National, or GDP, accounting is about to change in a way corporate accounting is lacking, giving us a “more accurate picture of the world,” according to Baruch Lev, professor of accounting and finance at NYU. One of the longstanding failures of both corporate and national accounting has been the systemic overlooking of the role intangible property plays in today’s economy. A recent look at accounting for over 300 business combinations showed that, when given the chance, accountants describe acquired businesses’ value as consisting of 71% intangibles. But only through a merger or acquisition do the intangibles’ value get reported.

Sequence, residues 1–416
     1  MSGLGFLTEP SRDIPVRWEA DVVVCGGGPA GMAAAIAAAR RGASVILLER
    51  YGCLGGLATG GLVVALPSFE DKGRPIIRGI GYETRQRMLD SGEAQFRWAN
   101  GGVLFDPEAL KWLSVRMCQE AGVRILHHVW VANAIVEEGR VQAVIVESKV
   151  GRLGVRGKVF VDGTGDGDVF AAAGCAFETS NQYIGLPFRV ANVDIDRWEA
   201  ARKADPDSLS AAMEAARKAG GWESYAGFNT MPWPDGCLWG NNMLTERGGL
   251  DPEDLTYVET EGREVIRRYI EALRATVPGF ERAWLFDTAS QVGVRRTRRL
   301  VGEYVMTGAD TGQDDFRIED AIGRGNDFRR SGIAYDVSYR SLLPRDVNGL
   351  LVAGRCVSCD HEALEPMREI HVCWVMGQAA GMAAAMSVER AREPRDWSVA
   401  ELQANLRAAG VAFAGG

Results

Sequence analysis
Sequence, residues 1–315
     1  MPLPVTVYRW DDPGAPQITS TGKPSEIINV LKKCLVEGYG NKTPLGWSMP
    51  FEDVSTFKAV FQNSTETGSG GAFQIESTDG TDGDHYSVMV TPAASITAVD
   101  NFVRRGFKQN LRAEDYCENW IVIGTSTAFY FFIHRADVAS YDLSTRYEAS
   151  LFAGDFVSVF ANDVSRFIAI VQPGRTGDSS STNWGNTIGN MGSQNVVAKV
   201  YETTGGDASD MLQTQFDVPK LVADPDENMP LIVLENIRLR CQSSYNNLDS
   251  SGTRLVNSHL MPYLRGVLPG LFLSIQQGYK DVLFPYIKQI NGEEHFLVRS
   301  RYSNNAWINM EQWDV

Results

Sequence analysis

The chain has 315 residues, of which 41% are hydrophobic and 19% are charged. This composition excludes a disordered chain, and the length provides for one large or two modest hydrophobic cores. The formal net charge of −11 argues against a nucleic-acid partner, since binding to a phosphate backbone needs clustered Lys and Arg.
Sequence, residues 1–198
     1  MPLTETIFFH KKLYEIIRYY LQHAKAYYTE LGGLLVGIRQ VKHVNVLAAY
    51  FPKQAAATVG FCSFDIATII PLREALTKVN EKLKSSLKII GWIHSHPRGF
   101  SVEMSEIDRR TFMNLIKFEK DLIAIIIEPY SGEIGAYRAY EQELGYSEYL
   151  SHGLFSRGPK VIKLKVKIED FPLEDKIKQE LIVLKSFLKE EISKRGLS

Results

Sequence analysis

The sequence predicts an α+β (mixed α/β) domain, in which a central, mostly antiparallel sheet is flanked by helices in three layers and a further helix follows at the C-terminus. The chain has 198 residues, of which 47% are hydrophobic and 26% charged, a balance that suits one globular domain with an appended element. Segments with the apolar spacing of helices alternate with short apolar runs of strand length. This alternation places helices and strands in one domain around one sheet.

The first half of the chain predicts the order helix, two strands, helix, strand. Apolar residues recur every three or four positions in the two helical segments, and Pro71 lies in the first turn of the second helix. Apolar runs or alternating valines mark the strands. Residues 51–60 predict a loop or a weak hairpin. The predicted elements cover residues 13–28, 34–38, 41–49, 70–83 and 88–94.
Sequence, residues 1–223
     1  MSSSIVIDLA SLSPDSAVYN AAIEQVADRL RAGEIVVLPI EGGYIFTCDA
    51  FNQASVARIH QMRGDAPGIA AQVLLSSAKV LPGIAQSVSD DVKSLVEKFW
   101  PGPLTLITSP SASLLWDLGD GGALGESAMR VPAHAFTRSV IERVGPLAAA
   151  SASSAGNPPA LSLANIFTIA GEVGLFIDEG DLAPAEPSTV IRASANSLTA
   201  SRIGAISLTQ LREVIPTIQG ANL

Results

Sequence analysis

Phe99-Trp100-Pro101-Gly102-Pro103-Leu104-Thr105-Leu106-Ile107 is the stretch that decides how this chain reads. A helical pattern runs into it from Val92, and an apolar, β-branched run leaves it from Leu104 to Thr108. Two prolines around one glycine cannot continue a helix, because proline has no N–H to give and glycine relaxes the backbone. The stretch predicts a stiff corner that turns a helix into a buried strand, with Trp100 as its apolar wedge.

Likewise, national accounting has heretofore largely ignored the value of the contributions of many intangibles … until this week. As reported in the New York Times, on Wednesday the Commerce Department’s Bureau of Economic Analysis plans to restate the national economy numbers, from 1929 to the present, giving “greater economic weighting to the creation of many types of intellectual property – from books to movies to biotech drugs.”
Significantly, among the Bureau’s changes is its treatment of R&D. The NYT looked at 2007 to see the effect of the changes, and R&D alone would have added $200B to the economy.
Valuation will still be elusive, however. As readers of this IP Value Wire know, cost is usually a poor representation of IP value, yet the Bureau will use costs of production as their metric, labeling such costs capital investments, and then counting their subsequent related revenues in GDP as well.